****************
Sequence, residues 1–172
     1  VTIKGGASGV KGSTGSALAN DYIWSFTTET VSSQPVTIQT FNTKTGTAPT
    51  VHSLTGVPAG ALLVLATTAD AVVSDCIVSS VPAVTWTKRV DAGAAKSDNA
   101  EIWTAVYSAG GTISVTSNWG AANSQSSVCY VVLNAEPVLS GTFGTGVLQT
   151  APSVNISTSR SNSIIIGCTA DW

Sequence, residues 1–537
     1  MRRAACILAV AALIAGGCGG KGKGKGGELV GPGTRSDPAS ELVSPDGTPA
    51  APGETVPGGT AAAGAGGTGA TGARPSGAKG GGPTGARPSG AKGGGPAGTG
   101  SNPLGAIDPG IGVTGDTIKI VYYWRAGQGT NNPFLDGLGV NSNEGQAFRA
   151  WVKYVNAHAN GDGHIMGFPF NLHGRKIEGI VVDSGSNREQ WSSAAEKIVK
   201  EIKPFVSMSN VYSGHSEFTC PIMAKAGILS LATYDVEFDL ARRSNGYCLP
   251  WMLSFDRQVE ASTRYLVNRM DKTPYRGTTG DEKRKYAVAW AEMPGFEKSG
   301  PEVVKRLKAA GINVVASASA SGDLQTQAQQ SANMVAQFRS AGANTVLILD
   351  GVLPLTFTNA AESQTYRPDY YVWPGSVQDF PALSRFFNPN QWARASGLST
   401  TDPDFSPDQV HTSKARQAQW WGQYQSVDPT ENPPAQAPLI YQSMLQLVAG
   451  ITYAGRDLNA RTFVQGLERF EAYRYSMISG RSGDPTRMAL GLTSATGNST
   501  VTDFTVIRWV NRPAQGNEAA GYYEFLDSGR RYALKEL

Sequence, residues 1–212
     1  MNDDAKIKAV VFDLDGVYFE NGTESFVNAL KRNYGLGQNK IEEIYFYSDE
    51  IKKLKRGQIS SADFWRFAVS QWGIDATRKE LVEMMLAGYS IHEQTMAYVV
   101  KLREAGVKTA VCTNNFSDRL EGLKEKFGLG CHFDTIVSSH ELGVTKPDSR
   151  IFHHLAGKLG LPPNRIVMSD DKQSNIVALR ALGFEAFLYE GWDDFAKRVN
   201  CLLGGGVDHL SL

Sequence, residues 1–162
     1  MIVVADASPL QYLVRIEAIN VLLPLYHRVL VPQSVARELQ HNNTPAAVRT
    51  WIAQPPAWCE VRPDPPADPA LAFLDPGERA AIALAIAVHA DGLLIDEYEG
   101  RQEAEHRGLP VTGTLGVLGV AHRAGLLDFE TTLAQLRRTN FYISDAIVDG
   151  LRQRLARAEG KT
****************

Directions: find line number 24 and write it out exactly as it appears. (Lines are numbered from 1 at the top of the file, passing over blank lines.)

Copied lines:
Sequence, residues 1–162